- Last Updated on Wednesday, 02 January 2013 21:03
- Published on Wednesday, 17 February 2010 05:00
- Hits: 596
President Harry Truman said that in Washington if you want a friend, get a dog. He knew what he was talking about. Dogs are always in a good mood, think everything you do is great, won’t fire you, and won’t abandon you. Their faithfulness is almost a universal constant.
Stories about canine loyalty cover the globe. At Tokyo’s Shibuya train station there is a statue to Hachiko, considered by the Japanese “their country’s most faithful dog.” Born in 1924, he was an Akita. This is a native Japanese breed is an attractive mid-sized dog with lots of fur. He belonged to a professor at the Imperial College in Tokyo and each day Hachiko saw his master off at the Shibuya train station and then waited for him to return. The Professor and Hachiko were a familiar pair and conductors, fellow commuters and vendors knew them well.
Unfortunately the professor became ill one day and died while teaching a class. Hachiko didn’t understand and until his own death waited at the train station for the professor’s return. The professor’s friends and family tried to find the dog a new home. But Hachiko would have none of it. Until he died he was a fixture at the train station.
- Last Updated on Wednesday, 10 February 2010 05:00
- Published on Wednesday, 10 February 2010 05:00
- Hits: 846
From all accounts, it’s fair to say that our early Virginia ancestors had it in for large animals. Sometimes they had good reasons, and other times they didn’t. But it doesn’t matter, because for the most part they were successful in their efforts to get rid of them. At one time Virginia, and especially the Northern Neck, was home to a surprisingly large number of large wilderness animals.
When the first settlers arrived in 1609 there were wolves, mountain lions, bear, elk, and farther south in Virginia, even a species of buffalo. But many of these animals didn’t stand much of a chance against the growing population of settlers. The last wolf was killed in 1815 (starting in 1633 Virginia paid a bounty on wolves) and the last mountain lion in 1882. Other large creatures hung on, but many of the large North American quadrupeds, which President Thomas Jefferson routinely bragged about, were all but wiped out in his native Virginia.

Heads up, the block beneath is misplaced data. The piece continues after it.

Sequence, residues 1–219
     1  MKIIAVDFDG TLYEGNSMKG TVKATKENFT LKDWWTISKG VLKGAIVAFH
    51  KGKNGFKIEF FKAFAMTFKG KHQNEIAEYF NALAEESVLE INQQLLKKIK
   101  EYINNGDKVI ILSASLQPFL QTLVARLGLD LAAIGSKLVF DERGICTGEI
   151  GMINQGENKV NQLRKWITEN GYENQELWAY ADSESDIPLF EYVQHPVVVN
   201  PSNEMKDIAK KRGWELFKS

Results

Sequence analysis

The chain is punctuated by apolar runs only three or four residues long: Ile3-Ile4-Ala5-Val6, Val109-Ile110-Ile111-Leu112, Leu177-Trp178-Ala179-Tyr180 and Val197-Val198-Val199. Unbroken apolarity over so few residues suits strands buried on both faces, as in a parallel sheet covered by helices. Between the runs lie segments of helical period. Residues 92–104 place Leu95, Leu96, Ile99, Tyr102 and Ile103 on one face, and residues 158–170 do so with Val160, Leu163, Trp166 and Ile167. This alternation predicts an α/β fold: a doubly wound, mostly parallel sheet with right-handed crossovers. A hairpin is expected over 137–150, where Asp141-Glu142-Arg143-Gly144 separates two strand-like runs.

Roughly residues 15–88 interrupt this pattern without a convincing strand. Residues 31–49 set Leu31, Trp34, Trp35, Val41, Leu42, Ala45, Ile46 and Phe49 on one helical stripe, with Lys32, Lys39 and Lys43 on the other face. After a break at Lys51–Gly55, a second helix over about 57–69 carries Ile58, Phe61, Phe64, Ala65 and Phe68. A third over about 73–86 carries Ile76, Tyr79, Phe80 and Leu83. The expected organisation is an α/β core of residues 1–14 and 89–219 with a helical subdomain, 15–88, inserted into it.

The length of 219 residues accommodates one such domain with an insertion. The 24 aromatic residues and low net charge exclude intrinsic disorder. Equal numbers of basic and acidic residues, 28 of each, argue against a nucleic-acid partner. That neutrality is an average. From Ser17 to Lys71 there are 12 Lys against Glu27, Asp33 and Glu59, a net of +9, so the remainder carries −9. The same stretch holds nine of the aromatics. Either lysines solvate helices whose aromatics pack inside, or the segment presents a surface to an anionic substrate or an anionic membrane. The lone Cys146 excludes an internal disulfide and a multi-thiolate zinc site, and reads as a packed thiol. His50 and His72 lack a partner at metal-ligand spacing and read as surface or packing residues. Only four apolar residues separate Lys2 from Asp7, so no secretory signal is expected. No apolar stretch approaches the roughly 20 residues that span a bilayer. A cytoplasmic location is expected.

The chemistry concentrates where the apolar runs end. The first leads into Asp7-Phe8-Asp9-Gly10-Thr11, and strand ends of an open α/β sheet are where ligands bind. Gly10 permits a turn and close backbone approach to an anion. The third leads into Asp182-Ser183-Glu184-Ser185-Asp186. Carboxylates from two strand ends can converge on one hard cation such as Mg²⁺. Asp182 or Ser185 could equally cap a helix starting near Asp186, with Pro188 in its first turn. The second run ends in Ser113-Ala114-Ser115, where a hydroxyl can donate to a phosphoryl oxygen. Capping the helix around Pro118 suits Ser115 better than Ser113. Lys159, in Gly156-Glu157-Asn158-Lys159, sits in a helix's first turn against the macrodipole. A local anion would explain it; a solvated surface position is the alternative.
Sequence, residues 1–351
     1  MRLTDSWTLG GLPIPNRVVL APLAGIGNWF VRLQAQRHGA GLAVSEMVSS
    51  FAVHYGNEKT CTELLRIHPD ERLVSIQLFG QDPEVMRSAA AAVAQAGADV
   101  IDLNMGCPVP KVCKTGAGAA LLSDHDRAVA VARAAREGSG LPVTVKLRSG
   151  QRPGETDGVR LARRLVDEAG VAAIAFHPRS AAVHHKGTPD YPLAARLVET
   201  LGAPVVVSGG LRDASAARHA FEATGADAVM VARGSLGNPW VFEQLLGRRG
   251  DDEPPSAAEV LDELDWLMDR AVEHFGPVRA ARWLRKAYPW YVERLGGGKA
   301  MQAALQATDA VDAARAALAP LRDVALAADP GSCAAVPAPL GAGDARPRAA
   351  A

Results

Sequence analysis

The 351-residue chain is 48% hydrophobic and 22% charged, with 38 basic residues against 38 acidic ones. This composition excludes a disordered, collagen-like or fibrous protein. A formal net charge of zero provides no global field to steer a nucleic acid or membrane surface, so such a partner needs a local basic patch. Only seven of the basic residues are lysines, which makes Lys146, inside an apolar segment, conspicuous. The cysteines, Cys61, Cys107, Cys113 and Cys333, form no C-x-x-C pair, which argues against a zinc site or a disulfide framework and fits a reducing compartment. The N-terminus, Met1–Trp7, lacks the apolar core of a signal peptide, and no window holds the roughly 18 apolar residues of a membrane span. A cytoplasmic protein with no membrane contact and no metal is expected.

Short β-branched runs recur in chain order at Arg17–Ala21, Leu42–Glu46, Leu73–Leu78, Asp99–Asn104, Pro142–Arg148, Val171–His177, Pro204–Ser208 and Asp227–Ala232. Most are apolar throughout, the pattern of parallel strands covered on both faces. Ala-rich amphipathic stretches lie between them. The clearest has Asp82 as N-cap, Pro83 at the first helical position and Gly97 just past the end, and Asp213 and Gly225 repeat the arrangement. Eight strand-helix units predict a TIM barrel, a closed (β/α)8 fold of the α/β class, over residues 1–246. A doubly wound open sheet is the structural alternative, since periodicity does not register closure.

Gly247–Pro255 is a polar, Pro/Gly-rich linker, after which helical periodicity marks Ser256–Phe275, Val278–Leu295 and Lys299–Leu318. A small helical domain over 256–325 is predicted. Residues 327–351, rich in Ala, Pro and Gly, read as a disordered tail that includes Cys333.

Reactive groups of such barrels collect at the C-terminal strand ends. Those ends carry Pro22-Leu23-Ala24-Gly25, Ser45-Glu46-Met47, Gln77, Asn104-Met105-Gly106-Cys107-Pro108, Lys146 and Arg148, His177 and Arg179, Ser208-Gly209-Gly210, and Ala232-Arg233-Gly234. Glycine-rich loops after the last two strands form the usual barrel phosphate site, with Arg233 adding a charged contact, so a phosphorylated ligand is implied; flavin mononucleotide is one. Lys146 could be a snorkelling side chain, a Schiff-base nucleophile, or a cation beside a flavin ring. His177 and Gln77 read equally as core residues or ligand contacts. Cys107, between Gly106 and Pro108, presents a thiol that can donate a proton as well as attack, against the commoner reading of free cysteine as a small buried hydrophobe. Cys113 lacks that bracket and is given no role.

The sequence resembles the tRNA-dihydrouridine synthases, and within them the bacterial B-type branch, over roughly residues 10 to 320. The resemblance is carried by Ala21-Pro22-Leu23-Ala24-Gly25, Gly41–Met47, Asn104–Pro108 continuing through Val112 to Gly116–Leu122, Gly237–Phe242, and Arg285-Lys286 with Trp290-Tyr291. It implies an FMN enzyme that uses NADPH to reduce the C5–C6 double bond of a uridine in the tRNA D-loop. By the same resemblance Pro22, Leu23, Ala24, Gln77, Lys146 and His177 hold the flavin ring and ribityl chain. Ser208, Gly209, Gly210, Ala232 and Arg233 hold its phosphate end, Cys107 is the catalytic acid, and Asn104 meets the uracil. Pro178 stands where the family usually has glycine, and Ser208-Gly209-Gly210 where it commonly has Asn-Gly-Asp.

- Last Updated on Wednesday, 03 February 2010 05:00
- Published on Wednesday, 03 February 2010 05:00
- Hits: 595
Most heirlooms sit tucked away in a drawer, perhaps carefully packed, or maybe on display. “That was Grandma’s china,” or perhaps, “this set of glasses came over with my family from England.” Things like that, and often, in terms of a family history, that connection that bonds one generation to the next, is priceless.
I have several items just like that, but my favorite isn’t on display or carefully tucked away with the family china. It’s on my wrist. With care, I wear it every day. Of course, sometimes, if I am doing heavy work, or perhaps going out of the country, I put it aside. I don’t want to risk damaging it or losing it. But, it’s a working heirloom, and I don’t see any reason I shouldn’t keep on using it. Besides, at the risk of sounding superstitious, I think it brings me good luck.
- Last Updated on Wednesday, 27 January 2010 05:00
- Published on Wednesday, 27 January 2010 05:00
- Hits: 693
The Northern Neck is home to some of the most pristine waterways in Virginia. There are few bodies of water that are as unobstructed and natural in character. Of course, on some summer days, it gets a bit noisy, but come sun down, it’s just the occasional bass splashing as he tries to get something to the eat, the sound of frogs, and of course, the symphony of the peepers. However, even in what seems an unspoiled area there are signs that mankind and his trash are never far away.
- Last Updated on Wednesday, 20 January 2010 05:00
- Published on Wednesday, 20 January 2010 05:00
- Hits: 528
The Democrats in Virginia took a drubbing last fall. In one of the worst routs the party has faced in more than 10 years, they lost all of the top jobs in Richmond, and suffered a devastating setback in the House of Delegates. However, last week, the Democrats managed to find a consolation prize. To the casual observer it might not seem like a big deal, but for the party it was important win.
- Last Updated on Wednesday, 13 January 2010 05:00
- Published on Wednesday, 13 January 2010 05:00
- Hits: 553
There are a lot of Democrats who aren’t happy about the president’s decision to commit additional forces to Afghanistan. They are convinced this is an un-winnable war and can’t help but make that all too easy leap to saying that this will be just another Vietnam. Respectfully, I think they’re wrong on both counts. President Obama didn’t make this decision casually.
First of all, Afghanistan is not Iraq. Iraq is a war that, for all its terrible costs, was fought because of a determined and single-minded desire on the part of one administration. Afghanistan is different. There is a history to our involvement in the region that many of us don’t recall, or, I suspect, choose not to. Or, maybe we have simply forgotten. But it’s this history that makes a sound moral case for why we just can’t pack up and go home.